Sep. 12, 2017
Leading Small States of the Commonwealth today called for a more inclusive approach to human rights in the UN Human Rights Council that reflected their concerns, development interests and priorities.
“Human right is about justice and inclusion,” said Ambassador J.R. Deep Ford of Guyana, who co-hosted the panel discussion, which was organized by Commonwealth Human Rights Initiative (CHRI). Other collaborators were the Permanent Mission of Singapore and the Federation International des legues desdroits de L’Homme (FIDH).
Mr. Ford and other ambassadors from the Bahamas and Singapore as well as Karen McKenzie, head of the human rights unit at the Commonwealth Secretariat, spoke at a side event in Geneva during the 36th session of the Human Rights Council (HRC). The CHRI event was titled, Small States at the HRC, Building Capacity, Strengthening Presence and Developing Outreach.
Nitya Menon, Singapore’s Deputy Permanent Representative in Geneva, spoke of the difficulties of small states in handling complex issues relating to UN processes, because of a shortage of staff or economic resources and the need to simplify and demystify these.
“We need collective combined inputs,” she added, saying that if small states were unrepresented at major programmes, the UN system and major donor countries “were missing important voices”.
Karen McKenzie of the Commonwealth Secretariat shared the organization’s efforts to build capacity among small states, showcased some success stories like the Bahamas which is contesting for a seat at the next HRC, but admitted that more was needed to be done, despite a funding crunch.
Ambassadors and senior diplomats from various UN missions participated including the New Zealand, United Kingdom, Bhutan, Germany, Australia, Canada, Kyrgyzstan, Belize, Malawi, Guinea Bissau, Singapore, joined by a range of civil society members and UN officials at the event. The discussion was aimed at raising awareness about under-representation of Small States at the HRC, and the need to build synergy amongst Commonwealth countries, the Commonwealth Secretariat and civil society to support Small States in building capacity.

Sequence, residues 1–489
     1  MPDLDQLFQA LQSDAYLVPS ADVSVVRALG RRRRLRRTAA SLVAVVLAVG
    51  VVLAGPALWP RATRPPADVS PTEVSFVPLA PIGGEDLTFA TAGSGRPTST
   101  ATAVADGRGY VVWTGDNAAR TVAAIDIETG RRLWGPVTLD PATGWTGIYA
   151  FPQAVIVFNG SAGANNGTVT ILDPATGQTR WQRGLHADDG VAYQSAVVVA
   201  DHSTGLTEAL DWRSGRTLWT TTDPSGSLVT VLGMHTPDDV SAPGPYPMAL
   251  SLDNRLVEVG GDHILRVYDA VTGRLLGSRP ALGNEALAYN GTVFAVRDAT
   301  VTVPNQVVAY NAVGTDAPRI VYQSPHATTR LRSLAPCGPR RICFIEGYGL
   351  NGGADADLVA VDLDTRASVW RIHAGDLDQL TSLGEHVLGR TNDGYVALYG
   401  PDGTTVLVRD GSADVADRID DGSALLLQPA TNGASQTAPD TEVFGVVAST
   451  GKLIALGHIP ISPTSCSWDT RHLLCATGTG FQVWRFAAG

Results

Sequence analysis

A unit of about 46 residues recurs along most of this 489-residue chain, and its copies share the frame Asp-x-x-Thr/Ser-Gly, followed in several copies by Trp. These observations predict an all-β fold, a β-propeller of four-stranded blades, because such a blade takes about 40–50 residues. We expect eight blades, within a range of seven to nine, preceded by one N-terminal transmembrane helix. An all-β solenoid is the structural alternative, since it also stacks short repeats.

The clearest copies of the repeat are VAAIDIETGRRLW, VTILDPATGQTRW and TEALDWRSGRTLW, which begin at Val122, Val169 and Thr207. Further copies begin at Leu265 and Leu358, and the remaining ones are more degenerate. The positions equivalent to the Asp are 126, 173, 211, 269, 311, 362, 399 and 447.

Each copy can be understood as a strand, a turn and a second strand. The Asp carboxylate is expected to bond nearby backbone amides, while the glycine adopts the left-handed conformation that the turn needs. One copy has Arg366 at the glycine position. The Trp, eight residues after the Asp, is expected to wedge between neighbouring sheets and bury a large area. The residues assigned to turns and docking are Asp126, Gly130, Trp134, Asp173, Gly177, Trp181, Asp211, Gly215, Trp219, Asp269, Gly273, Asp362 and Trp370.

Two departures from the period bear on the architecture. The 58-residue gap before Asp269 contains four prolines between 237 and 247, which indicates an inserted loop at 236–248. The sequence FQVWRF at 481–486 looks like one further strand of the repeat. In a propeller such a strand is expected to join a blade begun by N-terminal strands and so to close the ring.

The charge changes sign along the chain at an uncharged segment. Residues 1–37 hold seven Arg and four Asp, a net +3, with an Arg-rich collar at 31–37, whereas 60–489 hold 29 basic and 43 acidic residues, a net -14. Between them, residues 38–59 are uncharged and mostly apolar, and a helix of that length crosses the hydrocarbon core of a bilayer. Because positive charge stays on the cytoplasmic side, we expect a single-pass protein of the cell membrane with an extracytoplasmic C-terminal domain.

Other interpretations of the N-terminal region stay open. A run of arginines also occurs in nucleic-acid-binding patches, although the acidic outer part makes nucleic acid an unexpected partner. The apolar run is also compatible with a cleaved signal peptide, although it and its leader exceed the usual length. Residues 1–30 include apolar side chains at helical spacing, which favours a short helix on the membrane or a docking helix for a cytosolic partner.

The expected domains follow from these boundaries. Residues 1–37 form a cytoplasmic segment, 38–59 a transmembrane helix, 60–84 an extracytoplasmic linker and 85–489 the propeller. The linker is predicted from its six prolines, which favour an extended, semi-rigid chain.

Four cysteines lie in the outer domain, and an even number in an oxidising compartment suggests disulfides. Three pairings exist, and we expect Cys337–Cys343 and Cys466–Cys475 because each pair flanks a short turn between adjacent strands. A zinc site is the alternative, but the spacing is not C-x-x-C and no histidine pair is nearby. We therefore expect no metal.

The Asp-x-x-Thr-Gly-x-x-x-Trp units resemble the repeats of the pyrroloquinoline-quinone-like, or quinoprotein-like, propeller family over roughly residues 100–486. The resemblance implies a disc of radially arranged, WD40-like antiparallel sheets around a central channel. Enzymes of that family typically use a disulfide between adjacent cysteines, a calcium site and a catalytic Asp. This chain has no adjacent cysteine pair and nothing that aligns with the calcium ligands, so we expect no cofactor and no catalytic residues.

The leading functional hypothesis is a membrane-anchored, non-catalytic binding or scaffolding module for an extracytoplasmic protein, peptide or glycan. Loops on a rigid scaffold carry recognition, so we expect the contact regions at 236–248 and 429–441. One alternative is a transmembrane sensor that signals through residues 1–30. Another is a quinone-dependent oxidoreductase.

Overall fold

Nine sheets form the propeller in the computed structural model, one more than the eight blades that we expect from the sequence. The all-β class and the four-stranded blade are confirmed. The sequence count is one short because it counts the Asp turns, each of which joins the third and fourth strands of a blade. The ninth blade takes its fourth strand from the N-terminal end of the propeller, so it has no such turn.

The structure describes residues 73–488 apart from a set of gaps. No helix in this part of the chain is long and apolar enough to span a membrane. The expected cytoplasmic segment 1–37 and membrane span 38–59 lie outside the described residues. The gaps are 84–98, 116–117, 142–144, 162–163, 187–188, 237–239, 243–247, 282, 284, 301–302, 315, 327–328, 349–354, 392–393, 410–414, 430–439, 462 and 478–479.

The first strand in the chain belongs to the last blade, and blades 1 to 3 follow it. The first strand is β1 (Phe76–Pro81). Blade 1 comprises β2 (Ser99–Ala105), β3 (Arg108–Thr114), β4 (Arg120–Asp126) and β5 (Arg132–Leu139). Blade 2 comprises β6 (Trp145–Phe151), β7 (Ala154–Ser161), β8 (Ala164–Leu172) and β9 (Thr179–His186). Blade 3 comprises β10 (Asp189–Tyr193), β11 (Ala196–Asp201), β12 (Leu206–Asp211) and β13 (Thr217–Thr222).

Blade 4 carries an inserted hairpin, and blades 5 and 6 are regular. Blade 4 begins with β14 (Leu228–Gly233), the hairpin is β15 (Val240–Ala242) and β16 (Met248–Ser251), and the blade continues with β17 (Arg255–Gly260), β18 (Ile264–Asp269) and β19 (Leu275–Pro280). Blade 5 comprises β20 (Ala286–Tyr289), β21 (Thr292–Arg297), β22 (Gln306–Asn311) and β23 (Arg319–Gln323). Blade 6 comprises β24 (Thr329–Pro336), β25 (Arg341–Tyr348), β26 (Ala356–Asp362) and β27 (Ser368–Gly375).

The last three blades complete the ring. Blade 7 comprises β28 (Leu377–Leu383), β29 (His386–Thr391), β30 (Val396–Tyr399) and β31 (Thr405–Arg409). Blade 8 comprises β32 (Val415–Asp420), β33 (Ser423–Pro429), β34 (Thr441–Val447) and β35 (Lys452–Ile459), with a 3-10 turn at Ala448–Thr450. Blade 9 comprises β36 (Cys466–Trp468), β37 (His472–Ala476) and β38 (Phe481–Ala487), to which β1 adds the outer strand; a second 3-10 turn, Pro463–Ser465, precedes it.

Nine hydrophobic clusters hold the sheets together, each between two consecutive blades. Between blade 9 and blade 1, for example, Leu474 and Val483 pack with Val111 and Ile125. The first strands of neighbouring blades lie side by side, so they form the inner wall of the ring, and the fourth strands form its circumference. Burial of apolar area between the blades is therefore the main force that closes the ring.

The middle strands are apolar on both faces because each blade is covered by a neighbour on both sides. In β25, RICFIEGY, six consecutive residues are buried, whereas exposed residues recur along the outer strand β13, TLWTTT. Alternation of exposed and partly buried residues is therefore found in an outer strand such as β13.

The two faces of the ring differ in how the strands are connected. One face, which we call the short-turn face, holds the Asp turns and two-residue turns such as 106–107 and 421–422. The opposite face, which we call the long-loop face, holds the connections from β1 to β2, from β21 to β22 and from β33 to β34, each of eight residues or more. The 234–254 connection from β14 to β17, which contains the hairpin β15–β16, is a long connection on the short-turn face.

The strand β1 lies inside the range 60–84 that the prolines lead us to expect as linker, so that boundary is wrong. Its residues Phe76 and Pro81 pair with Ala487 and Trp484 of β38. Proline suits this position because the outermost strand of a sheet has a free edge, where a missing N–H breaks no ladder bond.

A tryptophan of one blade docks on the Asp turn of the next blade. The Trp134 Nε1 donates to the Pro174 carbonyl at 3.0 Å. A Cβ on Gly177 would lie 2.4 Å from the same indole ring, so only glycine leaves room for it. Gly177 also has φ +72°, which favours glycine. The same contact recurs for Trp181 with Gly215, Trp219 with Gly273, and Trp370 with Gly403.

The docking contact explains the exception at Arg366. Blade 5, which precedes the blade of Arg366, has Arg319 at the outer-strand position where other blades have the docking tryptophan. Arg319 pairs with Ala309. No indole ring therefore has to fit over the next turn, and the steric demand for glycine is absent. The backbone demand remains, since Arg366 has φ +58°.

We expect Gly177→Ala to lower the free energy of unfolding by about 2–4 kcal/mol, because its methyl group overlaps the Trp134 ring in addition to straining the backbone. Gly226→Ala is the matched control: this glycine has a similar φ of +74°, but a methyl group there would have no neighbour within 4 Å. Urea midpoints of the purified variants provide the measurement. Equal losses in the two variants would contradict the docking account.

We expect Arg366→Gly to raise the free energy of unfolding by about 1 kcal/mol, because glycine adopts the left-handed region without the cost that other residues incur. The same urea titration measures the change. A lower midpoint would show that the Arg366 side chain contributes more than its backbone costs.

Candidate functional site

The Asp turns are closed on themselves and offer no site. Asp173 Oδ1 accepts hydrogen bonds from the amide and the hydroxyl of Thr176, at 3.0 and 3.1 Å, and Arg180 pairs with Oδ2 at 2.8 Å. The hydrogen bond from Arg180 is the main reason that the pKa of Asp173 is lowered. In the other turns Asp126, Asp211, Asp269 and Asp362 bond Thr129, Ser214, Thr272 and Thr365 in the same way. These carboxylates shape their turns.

In the interaction which followed, diplomats and civil society representatives urged for better coordination among larger countries, small states and Small Island Developing States to foster better understanding of their needs and their complex societies. There was a need for better engagement with CSOs to help develop a greater “quality of trust” as well as review of implementation of UN resolutions in their home countries.
CHRI Director, Mr Sanjoy Hazarika, who moderated the session, spoke of the need for better accountability processes as well as “bridging democratic deficits”.
The HRC was formed on founding principles of impartiality, non-selectivity and international cooperation by the General Assembly in 2006. However, existing practice of clean-slate elections, where regional groups propose only one candidate for each available seat, have undermined the diversity and the quality of the HRC’s membership. Small States face severe resource constraints and lack technical capacity to engage with the Council, which further hinders their participation. Strikingly, 12 out of 31 Commonwealth Small States do not have permanent missions in Geneva.
Of the 52 member states of the Commonwealth, 31 are Small States. While in the first decade of the HRC, 19 Commonwealth countries have served at the HRC, only four (Botswana, Namibia, Mauritius and Maldives) have been Small States. Since the institution of the Special Procedures was established, only six Commonwealth Small States – Jamaica, Fiji, Malta, Maldives, Mauritius and Namibia – have had one or more of their nationals appointed as Special Rapporteurs. Further, only four Small States – Botswana, Mauritius, Namibia and Maldives – have so far participated in the capacity of troika in the Universal Periodic Review (UPR) process.
Yashasvi Nain, Program Officer at CHRI’s Strategic Initiatives Program, argued that the inclusion of Small States would diversify the human rights discourse and ensure democratization of the Council. There was a need to contextualise and highlight the under-representation of the Commonwealth Small States within HRC.
For more information, please contact:
Programme Officer, SIP
Kavita Bajeli Datt
Communications Officer, CHRI
Telephone: +91-11-4318 0200, +91-11-4318 0201 (Direct),7042656931